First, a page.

Human dimensions of climate change are of great consequence in the Himalaya, where alpine habitats are especially important to indigenous populations as collection grounds for medicinal plants, as alpine grazing lands, and as sacred areas (Figures 2 and 3). Extensive research has been done on these human dimensions, including foci on traditional medicinal plants (Byg et al. 2010; Ghimire et al. 1999, 2005a, 2005b, 2006; Konchar et al. 2011; Law et al. 2010; Law and Salick 2005, 2006; Rokaya et al. 2010; Salick et al. 2004, 2006), alpine grazing (Salick et al. 2004; Salick et al. 2005), sacred sites and cosmology (Anderson et al. 2005; Salick et al. 2007; Salick et al. 2012), human perceptions of climate change (Byg and Salick 2009; Konchar et al. in prep.), and the interactions between climate change and human culture (Salick 2012; Salick et al. 2009; Salick et al. in press; Salick and Byg 2007; Salick and Moseley 2012; Salick and Ross 2009a, 2009b). The ethnoecological approach of this research distinguishes our sub-network from the GLORIA network in general (Salick in press), although other ethnobotanists (Turner et al. 2011) and other members of GLORIA (Grabherr 2009; Swerhun et al. 2009; Villar-Pérez 1997) recognize the importance of alpine ethnobotany within the human dimensions of climate change. Here, we stress the prominence of climate change mitigation in the Himalaya arising from traditional ecological knowledge (TEK), even as the people themselves are unaware of this mitigation.
Specifically, in this study we ask what environmental factors determine Himalayan alpine plant distributions, diversity, endemism, rarity, and use. Are these biocultural factors changing with climate change and are they threatened? How does alpine vegetation in the Himalaya compare with that in Europe? How are indigenous peoples using alpine plants in the Himalaya? And finally, are there climate change mitigation practices among the Himalayan peoples based on TEK?
Our nine GLORIA target regions span over 1500 km from the Hengduan Mountains of the Tibetan Autonomous Prefecture (TAP) in northwest Yunnan, China, through Bhutan and eastern Nepal, to western Nepal near Mt. Annapurna (Figure 1). Target regions were selected along this latitudinal, biogeographic, and climatic transect to elucidate the impacts of climatic change among regional patterns of biodiversity, precipitation, temperature, and resource use.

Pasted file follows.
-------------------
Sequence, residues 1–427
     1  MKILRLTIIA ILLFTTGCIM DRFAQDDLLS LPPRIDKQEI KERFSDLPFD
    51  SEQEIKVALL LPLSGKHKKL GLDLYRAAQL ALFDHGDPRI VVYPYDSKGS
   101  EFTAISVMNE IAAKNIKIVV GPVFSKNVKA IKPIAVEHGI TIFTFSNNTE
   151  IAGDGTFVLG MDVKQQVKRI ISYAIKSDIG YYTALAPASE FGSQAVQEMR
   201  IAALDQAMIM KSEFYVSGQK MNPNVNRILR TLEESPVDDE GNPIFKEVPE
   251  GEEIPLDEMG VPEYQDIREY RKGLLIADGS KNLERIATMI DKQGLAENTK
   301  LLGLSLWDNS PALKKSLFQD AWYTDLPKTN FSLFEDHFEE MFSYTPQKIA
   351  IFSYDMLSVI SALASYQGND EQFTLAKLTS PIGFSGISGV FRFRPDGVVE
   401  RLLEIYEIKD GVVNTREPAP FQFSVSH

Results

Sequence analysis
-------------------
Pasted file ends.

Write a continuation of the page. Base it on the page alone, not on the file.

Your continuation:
Global Observational Research Initiative in Alpine Environments (GLORIA)
Following GLORIA's multi-summit approach, each target region includes three to four individual mountain summits spanning an elevational gradient between treeline and permanent snowline (~3800–5000 masl) to represent the ecotones: subalpine-lower alpine, lower alpine-upper alpine, upper alpine-subnival, and subnival-nival ( Supplementary Material (etbi-34-03-02_supp.pdf), Table 1). Each summit is divided into eight summit area sections for general plant inventories and uses. Four 1 × 1 m quadrats are placed in the four cardinal directions at five vertical meters from the highest point of the summit; these quadrats provide detailed data on plant species abundance, frequency, and cover. Photographic data were also collected using the standardized methods of GLORIA ( http://www.gloria.ac.at/).
Environmental data—latitude, longitude, elevation, aspect, slope, and temperature—were taken using GPS units, altimeters, compasses, clinometers, and temperature monitors according to GLORIA protocol. Total annual precipitation and average annual temperature data were compiled from national weather stations closest to each target region ( Supplementary Material (etbi-34-03-02_supp.pdf), Table 2) at comparable elevations. There are no government meteorological stations on mountain tops, so the closest weather station data are from elevations below actual target regions, thus underestimating the actual precipitation received on mountain summits.